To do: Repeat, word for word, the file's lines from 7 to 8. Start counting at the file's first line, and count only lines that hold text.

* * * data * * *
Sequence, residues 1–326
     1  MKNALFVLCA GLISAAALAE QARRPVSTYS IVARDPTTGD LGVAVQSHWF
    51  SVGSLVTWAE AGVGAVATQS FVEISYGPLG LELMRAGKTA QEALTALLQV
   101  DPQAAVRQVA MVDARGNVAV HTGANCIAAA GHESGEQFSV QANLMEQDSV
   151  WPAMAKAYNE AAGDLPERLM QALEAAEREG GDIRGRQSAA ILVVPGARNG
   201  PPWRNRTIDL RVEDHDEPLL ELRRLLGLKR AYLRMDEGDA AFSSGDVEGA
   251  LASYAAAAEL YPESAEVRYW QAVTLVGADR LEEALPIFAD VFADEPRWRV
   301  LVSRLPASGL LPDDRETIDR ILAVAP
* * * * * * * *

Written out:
   251  LASYAAAAEL YPESAEVRYW QAVTLVGADR LEEALPIFAD VFADEPRWRV
   301  LVSRLPASGL LPDDRETIDR ILAVAP